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Paul Mulloy
Program Director, Davidson County Sheriff's Office, Tennessee

Paul Mulloy is the Program Director of the Correctional Work Center in Davidson County (Nashville), Tennessee, where he oversees all work release programs, case management, treatment, evaluation, program development and research. In 1994, Paul founded S.A.V.E. (Sheriff's Anti-Violence Effort), a 6-week psycho-educational batterer intervention program for incarcerated men to help address their role in domestic violence. He also consults nationally on correctional programming and domestic violence issues.

Paul has earned an M.A. from Trevecca University in Organizational Management, a B.S. in Criminal Justice from Middle Tennessee State University and an Associate's degree in Math and Science from Aquinas College.

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Dr. William Oliver, Ph.D.
Associate Professor of Criminal Justice, Indiana University, Indiana

Professor Oliver holds a Ph.D. in criminal justice. Among his primary research interests has been the issue of black-on-black violence. In research of the topic, he has focused on the causes, interpersonal processes, and means of prevention. His dissertation research involved an interview-based study of black men engaged in violent incidents in barroom settings. From this work he wrote The Violent World of Black Men (Lexington Books, 1994).

Recently, he has begun work on a project examining how black women cope with the loss of a child to homicide. Professor Oliver teaches courses on violent behavior, criminal violence in the black community, and theories of crime and deviance.

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David Pate
Executive Director, Center for Family Policy and Practice, Wisconsin

David Pate, founder and executive director of the Center for Family Policy and Practice (formely the Center on Fathers, Families, and Public Policy) in Madison, Wisconsin, has more than two decades of experience as a public policy advocate working on behalf of low-income families. David has given presentations on issues related to low-income fathers to Senator Herb Kohl and the American Bar Association.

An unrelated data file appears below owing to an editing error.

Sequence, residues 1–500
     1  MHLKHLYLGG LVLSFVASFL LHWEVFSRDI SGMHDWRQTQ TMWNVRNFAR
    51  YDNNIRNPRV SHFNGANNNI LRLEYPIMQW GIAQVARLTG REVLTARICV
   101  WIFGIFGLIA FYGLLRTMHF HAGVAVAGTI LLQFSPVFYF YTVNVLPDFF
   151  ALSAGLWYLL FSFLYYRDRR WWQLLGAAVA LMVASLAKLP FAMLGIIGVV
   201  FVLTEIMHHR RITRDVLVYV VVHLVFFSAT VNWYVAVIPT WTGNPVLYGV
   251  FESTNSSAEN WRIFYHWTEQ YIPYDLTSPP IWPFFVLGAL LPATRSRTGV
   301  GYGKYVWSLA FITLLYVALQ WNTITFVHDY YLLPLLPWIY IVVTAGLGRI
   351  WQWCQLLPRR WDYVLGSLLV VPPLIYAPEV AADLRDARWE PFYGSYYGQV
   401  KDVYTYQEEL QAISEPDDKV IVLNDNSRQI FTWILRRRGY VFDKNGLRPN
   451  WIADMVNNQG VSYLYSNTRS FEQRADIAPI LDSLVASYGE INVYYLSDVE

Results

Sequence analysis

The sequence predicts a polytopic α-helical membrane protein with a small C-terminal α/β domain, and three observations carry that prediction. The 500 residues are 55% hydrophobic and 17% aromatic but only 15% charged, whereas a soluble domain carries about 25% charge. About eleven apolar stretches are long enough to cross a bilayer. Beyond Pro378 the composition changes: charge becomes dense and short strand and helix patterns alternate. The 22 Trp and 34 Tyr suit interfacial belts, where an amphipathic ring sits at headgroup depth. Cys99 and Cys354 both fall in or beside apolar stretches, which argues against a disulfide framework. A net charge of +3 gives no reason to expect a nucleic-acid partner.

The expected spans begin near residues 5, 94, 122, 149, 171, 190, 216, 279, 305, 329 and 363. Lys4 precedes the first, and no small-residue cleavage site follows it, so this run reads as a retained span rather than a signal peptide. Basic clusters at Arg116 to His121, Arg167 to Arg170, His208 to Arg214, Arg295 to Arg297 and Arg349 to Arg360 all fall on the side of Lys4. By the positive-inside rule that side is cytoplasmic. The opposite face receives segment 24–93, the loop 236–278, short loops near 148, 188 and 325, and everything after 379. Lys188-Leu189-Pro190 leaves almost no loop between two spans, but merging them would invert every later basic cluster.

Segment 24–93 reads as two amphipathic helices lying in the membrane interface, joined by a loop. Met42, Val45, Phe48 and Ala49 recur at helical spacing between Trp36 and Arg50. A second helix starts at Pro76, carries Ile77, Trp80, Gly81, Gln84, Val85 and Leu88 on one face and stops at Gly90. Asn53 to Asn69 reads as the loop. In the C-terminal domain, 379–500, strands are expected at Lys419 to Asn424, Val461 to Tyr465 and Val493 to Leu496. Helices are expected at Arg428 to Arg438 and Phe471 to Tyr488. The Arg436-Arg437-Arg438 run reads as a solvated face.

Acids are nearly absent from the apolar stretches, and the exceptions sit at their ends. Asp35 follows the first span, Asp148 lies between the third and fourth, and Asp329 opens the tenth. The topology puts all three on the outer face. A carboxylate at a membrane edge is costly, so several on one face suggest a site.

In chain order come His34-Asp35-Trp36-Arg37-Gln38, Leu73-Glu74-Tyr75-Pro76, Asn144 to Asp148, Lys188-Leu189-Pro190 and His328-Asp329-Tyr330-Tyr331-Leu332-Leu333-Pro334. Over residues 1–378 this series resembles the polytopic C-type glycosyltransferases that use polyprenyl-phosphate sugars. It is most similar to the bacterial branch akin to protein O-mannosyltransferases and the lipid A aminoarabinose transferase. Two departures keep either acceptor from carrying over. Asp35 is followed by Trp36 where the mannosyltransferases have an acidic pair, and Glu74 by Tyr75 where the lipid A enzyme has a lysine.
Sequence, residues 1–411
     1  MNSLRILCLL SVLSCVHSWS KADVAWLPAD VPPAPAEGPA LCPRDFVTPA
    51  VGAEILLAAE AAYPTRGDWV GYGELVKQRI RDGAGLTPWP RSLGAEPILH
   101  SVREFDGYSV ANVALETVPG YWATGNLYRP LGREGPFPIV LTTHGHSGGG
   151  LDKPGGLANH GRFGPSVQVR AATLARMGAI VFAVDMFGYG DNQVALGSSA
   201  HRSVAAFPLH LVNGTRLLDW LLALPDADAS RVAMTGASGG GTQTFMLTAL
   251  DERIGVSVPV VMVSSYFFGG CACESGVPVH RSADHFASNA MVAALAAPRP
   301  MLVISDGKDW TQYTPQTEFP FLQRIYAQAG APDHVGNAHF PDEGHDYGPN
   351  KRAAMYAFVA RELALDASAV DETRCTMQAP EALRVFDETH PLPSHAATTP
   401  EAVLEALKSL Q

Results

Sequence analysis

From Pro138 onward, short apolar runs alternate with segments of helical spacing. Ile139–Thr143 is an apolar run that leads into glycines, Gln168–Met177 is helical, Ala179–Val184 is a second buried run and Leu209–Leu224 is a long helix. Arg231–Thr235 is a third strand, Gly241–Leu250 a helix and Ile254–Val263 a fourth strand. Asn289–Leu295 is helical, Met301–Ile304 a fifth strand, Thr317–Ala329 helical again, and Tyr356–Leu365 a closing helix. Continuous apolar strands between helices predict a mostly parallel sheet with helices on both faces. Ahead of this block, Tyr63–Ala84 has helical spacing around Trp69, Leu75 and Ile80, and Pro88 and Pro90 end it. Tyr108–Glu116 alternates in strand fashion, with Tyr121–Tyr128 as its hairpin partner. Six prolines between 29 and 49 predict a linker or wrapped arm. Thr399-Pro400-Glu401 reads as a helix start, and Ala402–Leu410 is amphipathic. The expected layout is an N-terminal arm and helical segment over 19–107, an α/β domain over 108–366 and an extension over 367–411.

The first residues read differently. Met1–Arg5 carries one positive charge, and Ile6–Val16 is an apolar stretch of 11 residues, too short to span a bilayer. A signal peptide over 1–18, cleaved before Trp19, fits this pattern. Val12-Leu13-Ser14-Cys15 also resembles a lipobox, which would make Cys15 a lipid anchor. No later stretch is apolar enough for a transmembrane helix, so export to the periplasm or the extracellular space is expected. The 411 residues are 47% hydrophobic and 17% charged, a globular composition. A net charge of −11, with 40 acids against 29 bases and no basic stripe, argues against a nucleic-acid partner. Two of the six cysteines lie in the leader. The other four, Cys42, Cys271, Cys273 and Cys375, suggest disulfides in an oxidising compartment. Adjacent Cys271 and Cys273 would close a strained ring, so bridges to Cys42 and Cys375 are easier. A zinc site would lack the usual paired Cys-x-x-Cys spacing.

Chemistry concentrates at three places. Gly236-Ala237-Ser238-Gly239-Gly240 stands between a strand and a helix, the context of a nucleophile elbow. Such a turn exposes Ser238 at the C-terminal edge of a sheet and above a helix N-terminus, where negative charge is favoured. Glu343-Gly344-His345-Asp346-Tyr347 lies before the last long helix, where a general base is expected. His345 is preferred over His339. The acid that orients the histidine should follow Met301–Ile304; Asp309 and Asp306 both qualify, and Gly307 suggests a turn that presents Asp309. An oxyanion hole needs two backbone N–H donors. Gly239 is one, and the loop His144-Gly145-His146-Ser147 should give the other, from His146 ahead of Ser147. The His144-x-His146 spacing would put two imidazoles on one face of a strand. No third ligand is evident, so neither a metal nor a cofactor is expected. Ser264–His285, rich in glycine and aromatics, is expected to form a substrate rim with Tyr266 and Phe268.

Formerly, David was a researcher at the University of Wisconsin's Institute for Research and Poverty, served as a guest lecturer at the University's Schools of law and social work and was a fellow in the Kellogg National Leadership program. He is currently completing a doctorate at the University of Wisconsin.

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Benita Presley
Consultant

Benita Presley is a victim's advocate who has been actively involved in the development of rehabilitative programs for victims of domestic and sexual violence, and for substance abusers. She was formerly a Domestic Violence Specialist at Project Network in Portland Oregon. She was responsible for planning, organizing, and facilitating culturally-specific domestic violence groups for men and women who abuse as well as for abuse victims. She also volunteers as an Advisory Committee Member at the Oregon Crime Victims Needs Assessment, and participates in the Ugaza Jamii (Planning Committee).

Prior to that, Benita was a member of AmeriCorps, through which she worked as a Domestic Violence Advocate and Volunteer Coordinator at Project Network, and a Tenant Services Coordinator at the Tualatin Valley Housing Partners in Aloha, Oregon.

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Nathaniel Roberts
Probation/Parole Officer, African American Project of Multnomah County, Oregon

Nathaniel Roberts is a probation/parole officer with the African American Project of Multnomah County. Previously he he served the county as an Alcohol and Drug Evaluation Specialist and, later, as Corrections Deputy.

Following four years of serviced in the United States Army, Nate worked for two years as a mechanical technician before becoming an Adult Case Manager and Alcohol and Drug Counselor for T.A.S.C. of Oregon in 1987. He joined Mainstream Youth Program, Inc. in 1991 as an Adolescent Substance Abuse Counselor for Mainstream Youth Program Inc. He began working for Multnomah County in 1994.

Nate was born in Berkeley, CA, and raised in Oakland. He has been married for 21 years and has four children.

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David Thomas
Academic Program Coordinator, Johns Hopkins University, Maryland

David Thomas retired from the Montgomery County Police Department in December 2000 after 15 years of service. His final assignment with Montgomery County was on the Domestic Violence Unit, which he helped found. In addition to helping found the unit, he was responsible for the department's curriculum development in domestic violence training as well as the policy development on domestic violence related issues.

Upon leaving the police department, David served as a Senior Advisor to the Maryland Governor's Office of Crime Control and Prevention's Victim Services Unit as a Domestic Violence Specialist. In 2002, he joined Johns Hopkins University as the Academic Program Coordinator for the Domestic Violence Education program. He currently serves on numerous domestic violence- related committees and task forces including the Maryland Network Against Domestic Violence (President of the Board), the Attorney General and Lt. Governors Family Violence Council Legislative Action Team, Maryland Healthcare Coalition Against Domestic Violence, the National Association of Juvenile and Family Court Judges Advisory Board, and the Battered Women's Project National Advisory Board. David regularly testifies in front of the Maryland state legislature on domestic violence issues.

David received his bachelor's degree from Towson University in 1983 and his master's degree from the University of Maryland. He has received numerous awards for his work in the area of domestic violence and considers combating domestic violence his calling in life.